Fragments of the late George Crumb

Fragments of the late George Crumb


norman lebrecht

February 08, 2022

A mini-doc, and a favourite piece by a great composer, who died this week.


  • When I studied with George, they had two dachshunds. He was very close to them and they were often in his little studio when he composed. After having lived in Germany for a few years, I dropped by for a visit. He still had his dachshunds. He mentioned that dachshunds are “roof dogs,” and seemed to think that was something truly special. I said his confusion was understandable, and explained that they were actually bred to hunt badgers, that he German word for roof is Dach, and the the word for badger Dachs. I mentioned that Dachshunds are long and narrow so they can go down badger holes, and their noses have a lot of cartilage so the can be bitten with less damage. He seemed a bit crestfallen that his dachshunds weren’t roof dogs. To tell the truth, I was sorry I said anything.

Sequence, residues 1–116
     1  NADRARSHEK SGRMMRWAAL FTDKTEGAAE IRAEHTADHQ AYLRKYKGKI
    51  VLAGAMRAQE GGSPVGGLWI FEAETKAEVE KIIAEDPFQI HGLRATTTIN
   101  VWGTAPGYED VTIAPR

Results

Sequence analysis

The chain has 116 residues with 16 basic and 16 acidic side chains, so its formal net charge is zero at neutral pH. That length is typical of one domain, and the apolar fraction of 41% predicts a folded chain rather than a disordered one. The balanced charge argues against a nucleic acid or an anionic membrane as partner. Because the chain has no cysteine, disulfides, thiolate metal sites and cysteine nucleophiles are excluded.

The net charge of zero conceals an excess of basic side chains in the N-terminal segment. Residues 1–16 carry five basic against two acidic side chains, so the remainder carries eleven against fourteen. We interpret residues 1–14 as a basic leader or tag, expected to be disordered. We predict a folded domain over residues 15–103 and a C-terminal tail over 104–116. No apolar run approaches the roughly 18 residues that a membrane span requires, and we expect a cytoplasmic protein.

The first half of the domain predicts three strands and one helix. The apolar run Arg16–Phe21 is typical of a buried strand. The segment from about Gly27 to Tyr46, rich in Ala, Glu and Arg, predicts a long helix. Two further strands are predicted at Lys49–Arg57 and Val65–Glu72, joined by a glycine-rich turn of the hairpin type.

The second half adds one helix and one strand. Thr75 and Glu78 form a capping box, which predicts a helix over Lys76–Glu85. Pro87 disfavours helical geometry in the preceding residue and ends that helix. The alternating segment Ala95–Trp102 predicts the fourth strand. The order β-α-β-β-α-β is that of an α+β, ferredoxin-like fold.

• Dimsky says:

      Wonderful story, William Osborne. Crumb was very much in vogue when I was studying composition with Peter Racine Fricker at UC Santa Barbara in the early 1970’s. I remember the composition students all carrying around their scores, 11 X 17 sheets with unlikely instrument combinations, a dozen or more percussion instruments, (hence the need for big paper) and flowery titles: “Twelve Refrains on the Descent of Sysiphus” was one that has stuck in my head after all these years. Fricker seemed perplexed and somewhat amused by all of it, but remained very supportive of all his students, no matter their particular style.

  • E says:

    The piece from Mundus canis is a delight. One can easily enter
    the dog’s expressive world through the sounds produced here. What a gentle man he seems to have been. I recall hearing his work in the early 70’s in London, and at least one served for a ballet.

  • Westfan says:

    I remember being bowled over the first time I heard Voice of the Whale, the performance projected large slides of whales on the stage behind the piano during the performance. It was very effective and evocative..